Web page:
That's the easiest and most accurate solution I can think of. This app could then also be used to track the drone, just like a FedEx tracking app. But there is a huge technical problem involved in actually getting this to work. And it would only work if you live in a house.

Note: GPS is accurate to about 5 meters +/-.

The fourth problem is noise. It's something few are talking about yet, but is likely to become a massive problem. These drones make a lot of noise, and the noise is very high-pitch... as in the most annoying form possible. The semi-professional ones usually make around 85-95 decibel of noise. In comparison, a normal vacuum cleaner makes around 70 db of noise. And if you stand right next to a freeway, that noise is also around 70 db. 100 db is the sound level of a jet engine taking off, or someone using a jackhammer.

Can you imagine living anywhere nearby one of Amazon's fulfillment centers? Or near a Pizza Hut? ...or near FedEx? ...or near, well, anywhere?

BBBZZZZZZZZZZZZzzzzzzzzzzzz.... All day long.

Noise in our cities has already become a huge complaint by many people, especially around our homes. Look at how much work is being done to soundproof everything. And to build sound barriers between public places and large roads etc.

As long as this is on an experimental phase, the number of flights will be so low that people would hardly notice them. The problem is one of scale. Having to endure the noise of a drone on rare occasions is just fine. Having to listen to it throughout the day is not.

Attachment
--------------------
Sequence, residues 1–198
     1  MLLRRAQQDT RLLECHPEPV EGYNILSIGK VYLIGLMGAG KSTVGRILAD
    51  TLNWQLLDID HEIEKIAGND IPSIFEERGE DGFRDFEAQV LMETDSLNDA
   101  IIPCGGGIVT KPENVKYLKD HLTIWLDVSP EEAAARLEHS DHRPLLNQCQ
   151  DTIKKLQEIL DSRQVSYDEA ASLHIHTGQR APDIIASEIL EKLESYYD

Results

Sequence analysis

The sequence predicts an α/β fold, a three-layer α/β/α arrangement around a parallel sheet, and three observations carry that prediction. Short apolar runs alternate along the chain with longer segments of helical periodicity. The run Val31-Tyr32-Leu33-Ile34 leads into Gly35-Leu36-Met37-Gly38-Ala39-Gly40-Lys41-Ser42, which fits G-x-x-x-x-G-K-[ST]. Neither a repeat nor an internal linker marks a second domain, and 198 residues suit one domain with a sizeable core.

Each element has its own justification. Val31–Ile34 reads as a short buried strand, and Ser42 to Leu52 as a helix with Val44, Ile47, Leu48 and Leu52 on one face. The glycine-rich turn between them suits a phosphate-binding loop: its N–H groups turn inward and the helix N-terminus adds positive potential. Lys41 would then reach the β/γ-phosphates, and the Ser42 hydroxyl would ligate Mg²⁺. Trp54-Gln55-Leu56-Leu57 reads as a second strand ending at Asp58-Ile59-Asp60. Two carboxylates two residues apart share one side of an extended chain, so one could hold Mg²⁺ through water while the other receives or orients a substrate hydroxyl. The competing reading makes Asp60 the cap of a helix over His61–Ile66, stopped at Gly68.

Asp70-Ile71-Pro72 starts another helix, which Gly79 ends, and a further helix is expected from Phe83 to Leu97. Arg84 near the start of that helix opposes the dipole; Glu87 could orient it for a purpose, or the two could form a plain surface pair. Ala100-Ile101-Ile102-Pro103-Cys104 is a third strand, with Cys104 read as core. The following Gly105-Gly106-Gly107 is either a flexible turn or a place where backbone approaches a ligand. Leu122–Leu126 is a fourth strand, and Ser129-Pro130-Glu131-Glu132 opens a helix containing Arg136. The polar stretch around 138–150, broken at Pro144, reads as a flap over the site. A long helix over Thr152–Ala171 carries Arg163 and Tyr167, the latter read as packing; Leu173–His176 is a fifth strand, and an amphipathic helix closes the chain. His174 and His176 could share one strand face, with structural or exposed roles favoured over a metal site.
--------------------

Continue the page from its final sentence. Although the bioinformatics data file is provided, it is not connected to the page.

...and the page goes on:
The fifth problem is range. The Amazon drones will be electric (as opposed to gas powered), and we all know how bad batteries are. Of course, this won't be that much of a problem compared to the bigger 'second' problem mentioned before.

But one important problem with range is that for this to work for everyone, Amazon would need to have hyperlocal fulfillment centers in every city. I don't see how that would be economically feasible. The range of a FedEx truck is much greater than one of these drones.

BTW: People have also pointed to privacy issues, but I don't think that will be a problem at all. Why would you mount a camera when you can use far more accurate sensors to navigate?

From a trend perspective, these drone delivery systems are very interesting and truly fascinating. But outside developing countries, they are a very long way from a usable solution. The noise issue alone is a huge problem, and I don't see how we can solve that using rotary blades.

Another interesting solution is ground based shipping systems based on autonomous vehicles (nothing like the cars we see today, though). But that too has huge issues. For one thing, getting an autonomous vehicle to drive where it is supposed to is only half the problem. The next problem is how to get the package from the vehicle to your front door. It can't just dump it on the sidewalk.


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Thomas Baekdal

Founder, media analyst, author, and publisher. Follow on Twitter

"Thomas Baekdal is one of Scandinavia's most sought-after experts in the digitization of media companies. He has made ​​himself known for his analysis of how digitization has changed the way we consume media."
Swedish business magazine, Resumé